When Bishop Peter Lin spoke to the Archbishop's Election Synod this year, he shocked the audience with a series of big numbers. 

"It is no secret that the city is going through massive infrastructural changes," Bishop Lin said, quoting the rapid population increase in the city’s west – which  will see resident numbers in the Diocese grow to more than 8 million by the mid-2050s. 

"By 2056, it is forecast that the current Western Region alone will have a population two and half times that of the South Sydney Region or the Northern Region," he said.

The future shock of the speech stirred a move to bring the Synod to the so-called “greenfields” areas of southwestern Sydney. So, for the first time since 1866, the church parliament of the Diocese will not begin its meeting in the city centre. 

"The greenfields present one of the biggest challenges and one of the biggest opportunities our generation will see for many, many years," Bishop Lin says. "There are important decisions we will need to make as a diocesan family that will have a gospel impact on many generations after us. So it is crucial to see and understand what is happening in order to make the best and wisest decisions we can, under God." 

100 more people a day for 18 years

The new city of Bradfield, located next to Sydney’s second airport, will be a city of 1.5 million people.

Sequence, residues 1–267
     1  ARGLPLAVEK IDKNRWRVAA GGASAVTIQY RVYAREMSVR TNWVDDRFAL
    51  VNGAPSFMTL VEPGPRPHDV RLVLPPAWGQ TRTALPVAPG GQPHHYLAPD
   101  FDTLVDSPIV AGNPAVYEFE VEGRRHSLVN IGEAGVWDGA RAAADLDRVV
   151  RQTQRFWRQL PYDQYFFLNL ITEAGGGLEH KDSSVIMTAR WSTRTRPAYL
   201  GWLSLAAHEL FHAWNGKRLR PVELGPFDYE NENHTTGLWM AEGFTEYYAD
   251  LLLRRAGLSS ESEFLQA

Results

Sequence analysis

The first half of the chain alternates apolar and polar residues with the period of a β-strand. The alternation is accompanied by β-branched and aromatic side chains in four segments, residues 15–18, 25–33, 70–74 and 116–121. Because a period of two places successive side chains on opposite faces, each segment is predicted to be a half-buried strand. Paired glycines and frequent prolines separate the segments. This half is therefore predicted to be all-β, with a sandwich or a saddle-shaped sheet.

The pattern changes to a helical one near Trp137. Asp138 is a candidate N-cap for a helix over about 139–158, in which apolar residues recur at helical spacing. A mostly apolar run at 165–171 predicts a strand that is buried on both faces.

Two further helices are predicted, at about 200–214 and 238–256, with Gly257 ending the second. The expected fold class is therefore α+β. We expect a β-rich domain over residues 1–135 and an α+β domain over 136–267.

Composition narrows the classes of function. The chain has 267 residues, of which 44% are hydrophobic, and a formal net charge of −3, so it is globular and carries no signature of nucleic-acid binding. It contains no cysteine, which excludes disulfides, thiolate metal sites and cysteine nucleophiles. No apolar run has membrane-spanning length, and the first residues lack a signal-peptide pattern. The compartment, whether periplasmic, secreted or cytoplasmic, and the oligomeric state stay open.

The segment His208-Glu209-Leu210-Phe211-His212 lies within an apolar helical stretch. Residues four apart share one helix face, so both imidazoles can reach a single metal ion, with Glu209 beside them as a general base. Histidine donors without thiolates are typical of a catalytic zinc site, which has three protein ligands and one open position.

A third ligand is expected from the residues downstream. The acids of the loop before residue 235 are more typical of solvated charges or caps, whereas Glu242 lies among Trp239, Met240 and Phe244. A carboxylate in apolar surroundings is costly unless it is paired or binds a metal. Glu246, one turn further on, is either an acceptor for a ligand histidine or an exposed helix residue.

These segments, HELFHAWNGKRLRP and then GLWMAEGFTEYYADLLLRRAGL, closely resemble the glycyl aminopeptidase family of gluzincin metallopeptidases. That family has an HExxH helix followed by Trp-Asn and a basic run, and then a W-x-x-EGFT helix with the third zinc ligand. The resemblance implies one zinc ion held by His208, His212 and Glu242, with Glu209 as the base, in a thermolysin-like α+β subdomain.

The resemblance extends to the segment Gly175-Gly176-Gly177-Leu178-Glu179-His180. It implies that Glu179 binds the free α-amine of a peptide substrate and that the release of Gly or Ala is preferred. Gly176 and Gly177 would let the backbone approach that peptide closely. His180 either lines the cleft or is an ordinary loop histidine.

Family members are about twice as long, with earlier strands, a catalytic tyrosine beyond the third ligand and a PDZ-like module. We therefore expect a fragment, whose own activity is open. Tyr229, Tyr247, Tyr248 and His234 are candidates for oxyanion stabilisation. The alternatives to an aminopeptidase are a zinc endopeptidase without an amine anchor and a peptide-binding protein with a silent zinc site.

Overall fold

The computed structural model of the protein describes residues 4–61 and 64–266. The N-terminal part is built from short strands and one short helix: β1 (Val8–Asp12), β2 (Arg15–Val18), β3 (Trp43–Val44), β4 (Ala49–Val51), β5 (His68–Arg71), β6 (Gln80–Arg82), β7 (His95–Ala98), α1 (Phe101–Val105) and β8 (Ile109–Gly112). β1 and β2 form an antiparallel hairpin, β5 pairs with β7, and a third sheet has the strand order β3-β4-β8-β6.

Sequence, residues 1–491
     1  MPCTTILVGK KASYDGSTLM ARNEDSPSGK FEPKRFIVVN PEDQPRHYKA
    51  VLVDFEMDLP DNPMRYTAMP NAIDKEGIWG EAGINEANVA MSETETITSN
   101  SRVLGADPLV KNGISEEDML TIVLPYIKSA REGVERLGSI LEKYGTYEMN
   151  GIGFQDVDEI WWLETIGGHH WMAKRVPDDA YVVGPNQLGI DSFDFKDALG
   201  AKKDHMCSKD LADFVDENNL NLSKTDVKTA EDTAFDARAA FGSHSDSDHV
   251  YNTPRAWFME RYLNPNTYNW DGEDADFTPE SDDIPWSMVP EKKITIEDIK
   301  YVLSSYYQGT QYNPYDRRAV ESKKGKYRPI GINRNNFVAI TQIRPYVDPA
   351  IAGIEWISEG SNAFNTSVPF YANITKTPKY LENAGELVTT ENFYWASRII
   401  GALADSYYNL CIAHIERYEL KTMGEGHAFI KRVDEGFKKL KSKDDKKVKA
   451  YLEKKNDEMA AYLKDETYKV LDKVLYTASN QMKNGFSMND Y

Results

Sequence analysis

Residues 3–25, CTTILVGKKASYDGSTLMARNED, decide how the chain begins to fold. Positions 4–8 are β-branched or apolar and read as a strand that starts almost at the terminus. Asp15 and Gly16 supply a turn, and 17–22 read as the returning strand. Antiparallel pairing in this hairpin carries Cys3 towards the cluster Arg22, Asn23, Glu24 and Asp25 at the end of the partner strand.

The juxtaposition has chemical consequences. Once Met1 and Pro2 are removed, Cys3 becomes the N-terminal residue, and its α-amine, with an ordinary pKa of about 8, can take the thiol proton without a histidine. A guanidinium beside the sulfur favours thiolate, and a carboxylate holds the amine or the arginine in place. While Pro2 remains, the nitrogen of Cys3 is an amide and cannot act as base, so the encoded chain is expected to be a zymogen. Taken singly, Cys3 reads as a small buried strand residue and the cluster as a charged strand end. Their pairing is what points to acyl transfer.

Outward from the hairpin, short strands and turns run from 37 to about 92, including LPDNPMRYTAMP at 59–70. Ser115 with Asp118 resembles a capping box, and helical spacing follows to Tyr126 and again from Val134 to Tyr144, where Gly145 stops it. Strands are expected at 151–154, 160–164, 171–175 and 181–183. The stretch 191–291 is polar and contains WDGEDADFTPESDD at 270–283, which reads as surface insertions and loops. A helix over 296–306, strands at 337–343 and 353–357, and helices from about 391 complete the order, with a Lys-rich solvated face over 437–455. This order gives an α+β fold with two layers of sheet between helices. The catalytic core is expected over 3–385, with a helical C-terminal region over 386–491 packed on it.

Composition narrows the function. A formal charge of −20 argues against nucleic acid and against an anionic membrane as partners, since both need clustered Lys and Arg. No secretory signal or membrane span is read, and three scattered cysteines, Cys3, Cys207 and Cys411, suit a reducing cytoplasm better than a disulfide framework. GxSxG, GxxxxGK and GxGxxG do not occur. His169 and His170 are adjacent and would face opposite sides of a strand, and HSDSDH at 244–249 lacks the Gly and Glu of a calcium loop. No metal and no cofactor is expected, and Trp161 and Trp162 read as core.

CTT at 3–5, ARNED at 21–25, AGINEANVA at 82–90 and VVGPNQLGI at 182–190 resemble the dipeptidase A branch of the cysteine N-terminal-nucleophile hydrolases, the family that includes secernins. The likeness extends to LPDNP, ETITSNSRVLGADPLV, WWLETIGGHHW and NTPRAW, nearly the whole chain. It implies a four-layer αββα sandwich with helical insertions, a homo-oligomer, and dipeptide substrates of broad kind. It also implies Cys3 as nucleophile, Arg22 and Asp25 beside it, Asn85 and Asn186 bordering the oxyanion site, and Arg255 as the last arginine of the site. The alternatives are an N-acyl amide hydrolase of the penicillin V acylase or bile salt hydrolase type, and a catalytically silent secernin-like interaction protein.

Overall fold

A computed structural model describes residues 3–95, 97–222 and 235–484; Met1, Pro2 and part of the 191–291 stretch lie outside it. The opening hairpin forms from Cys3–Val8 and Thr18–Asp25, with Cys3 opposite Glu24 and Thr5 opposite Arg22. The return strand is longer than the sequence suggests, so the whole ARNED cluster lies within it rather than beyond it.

"There will be over 300,000 people moving into just the immediate area around the new airport,” Bishop Lin says. “We currently have three churches available for those 300,000 people. Compare that with the fact that, for example, we have three churches in Lindfield alone, covering a population of 18,000 people." 

This imbalance of church resources will be clear to Synod members next February when, for the first day of sitting, the members will meet at Oran Park High School. 

The opening service and Archbishop Raffel's presidential address will follow bus tours of the rapidly developing new areas of Sydney. There will also be walking tours of Oran Park, where New Life Anglican Church, as well as school and Anglicare facilities, opened in 2015. 

Stanhope Anglican Church opened its own building in 2020 after the church had been meeting in a leisure centre in Stanhope Gardens for 10 years. Construction of the Hope Anglican Church at Leppington should be completed early next year. Backed by the Archbishop's New Churches for New Communities and the Anglican Growth Corporation, the next project on the agenda is church facilities in the northwest at Marsden Park. 

It is estimated that in the northwest and southwest growth corridors of Sydney more than 100 people per day will move in over the next 18 years – and Bishop Lin says it is vital for Synod members to see what is happening for themselves.

"I want people to see the vastness of the growth and therefore the magnitude of gospel opportunity,” he says. “I want people to see what we have done and what we can do again as hundreds of thousands of people flood into the area. I’m sure people will be wowed!"